If you immediately associate boxed wine with Franzia, "slap the bag" (if you don't know it, don't ask), and college, you're not alone. And when we learned that some of the experts in wine and beverages, like Momofuku's head of the beverage program, Jordan Salcito, were exploring boxed wines — even hosting a blind tasting class on boxed wine versus bottled wine — we had to know what was up. Has boxed wine stepped out of its sibling's spotlight? Even *gasp* becoming a serious buying option when at the wine or liquor store?
In short, yes, says Salcito. "For Momofuku Má Pêche Presents: Summer Sessions, we wanted to explore a topic in the first wine class that isn't talked about as much as it should be," she said in an email to The Daily Meal. While boxed wine has made surprising gains in other countries, like Australia and France, it still has a less than superior reputation stateside. (Fun fact: boxed wine and rosé are the only two wine categories for domestic consumption that are growing in France, Salcito says.) But given the interest in large-format wines (like the new magnum and jeroboam program at Momofuku Má Pêche), boxed wines may not seem so substandard compared to a bottled wine. "We brainstormed the idea after thinking about large-format wines..." says Salcito. "And we wanted to feature wines that are easy to drink during the summer... Boxed wine can carry a stigma. We approached this topic with genuine curiosity about whether or not that stigma was valid."
Salcito says she's starting to see that notoriety surrounding boxed wine slowly fade away. "More and more boutique distributors are offering boxed wines that speak to more sophisticated sensibilities," she says. "These wines are delicious, made from organically grown grapes, and are more environmentally friendly than glass bottles." (In fact, Tetra paks, the aseptic cardboard and aluminum foil containers for boxed wines these days, are lighter than glass and leave a significantly smaller carbon footprint.) And despite the class' preconceived notions of boxed wine, Salcito says, everyone found the boxed selections to be quite "quaffable." "Boxed wines tended to be less expensive across the board, though in two of our three [wine] flights [which included at least one boxed wines], they were either people's first or second choice," she says. "I was shocked at the quality of several boxed wines."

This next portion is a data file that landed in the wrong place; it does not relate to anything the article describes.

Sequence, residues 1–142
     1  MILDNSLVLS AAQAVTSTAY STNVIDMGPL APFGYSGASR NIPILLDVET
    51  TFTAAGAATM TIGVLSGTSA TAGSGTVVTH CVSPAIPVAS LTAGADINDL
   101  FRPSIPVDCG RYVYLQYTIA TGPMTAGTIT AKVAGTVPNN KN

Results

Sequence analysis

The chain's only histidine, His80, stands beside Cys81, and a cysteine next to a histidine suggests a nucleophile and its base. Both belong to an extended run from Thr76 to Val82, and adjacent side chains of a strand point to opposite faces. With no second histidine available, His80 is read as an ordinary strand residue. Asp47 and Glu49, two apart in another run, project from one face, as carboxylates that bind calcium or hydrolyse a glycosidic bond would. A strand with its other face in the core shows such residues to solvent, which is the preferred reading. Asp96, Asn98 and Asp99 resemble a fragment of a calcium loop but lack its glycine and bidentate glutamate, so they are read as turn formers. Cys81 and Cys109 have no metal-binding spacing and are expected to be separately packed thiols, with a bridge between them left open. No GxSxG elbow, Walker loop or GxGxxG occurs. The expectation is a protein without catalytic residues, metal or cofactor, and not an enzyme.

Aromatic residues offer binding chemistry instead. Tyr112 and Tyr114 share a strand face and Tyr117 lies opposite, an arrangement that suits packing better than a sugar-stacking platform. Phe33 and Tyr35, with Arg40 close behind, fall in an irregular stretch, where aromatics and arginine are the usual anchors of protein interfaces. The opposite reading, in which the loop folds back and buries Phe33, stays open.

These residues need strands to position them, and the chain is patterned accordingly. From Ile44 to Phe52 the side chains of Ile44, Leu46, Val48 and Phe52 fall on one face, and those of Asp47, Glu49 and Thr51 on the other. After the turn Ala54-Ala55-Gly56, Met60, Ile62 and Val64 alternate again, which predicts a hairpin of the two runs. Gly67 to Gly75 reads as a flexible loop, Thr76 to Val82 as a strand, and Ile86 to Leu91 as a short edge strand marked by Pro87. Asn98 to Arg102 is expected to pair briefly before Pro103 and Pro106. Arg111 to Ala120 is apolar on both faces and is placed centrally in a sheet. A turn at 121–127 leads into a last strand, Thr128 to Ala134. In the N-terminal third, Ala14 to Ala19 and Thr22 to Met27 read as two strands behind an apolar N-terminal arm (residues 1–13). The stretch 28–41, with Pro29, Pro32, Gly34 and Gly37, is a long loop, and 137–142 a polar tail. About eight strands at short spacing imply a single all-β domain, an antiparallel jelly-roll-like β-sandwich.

But then, the question remains: What are these elusive boxed wines that don't taste like Franzia? Salcito says her favorites at the moment are the Patience from the Tank Rosé, the Yellow + Blue line of organic boxed wine (particularly the Monastrell), and the Bandit line of boxed wines. And the class agreed: "During our pinot grigio flight, the entire class felt that our boxed wine selection, Bandit Pinot Grigio, grossly out-performed a bottled wine from a very large, established producer," she says. Other recommended boxed wines? Open Door Cellars boxed wines and Vernissage. (You can also click through The Daily Meal's taste-test of boxed wines — you might be surprised!)
So if you're looking to branch out and grab a box for the next party, Salcito recommends talking to the wine shops and experts you trust to find their recommendations. "It's always a good idea to do your homework..." she says. "Start experimenting with wines that speak to your palate, and try a few different options." (Oh, and be sure to chill it and serve it properly — that makes a big difference.) Now we won't feel so awkward pulling out the box at our next summer party.
Momofuku Má Pêche Presents: Summer Sessions' next class is Rosé with Kate Krader; a tasting through magnum-format rosés.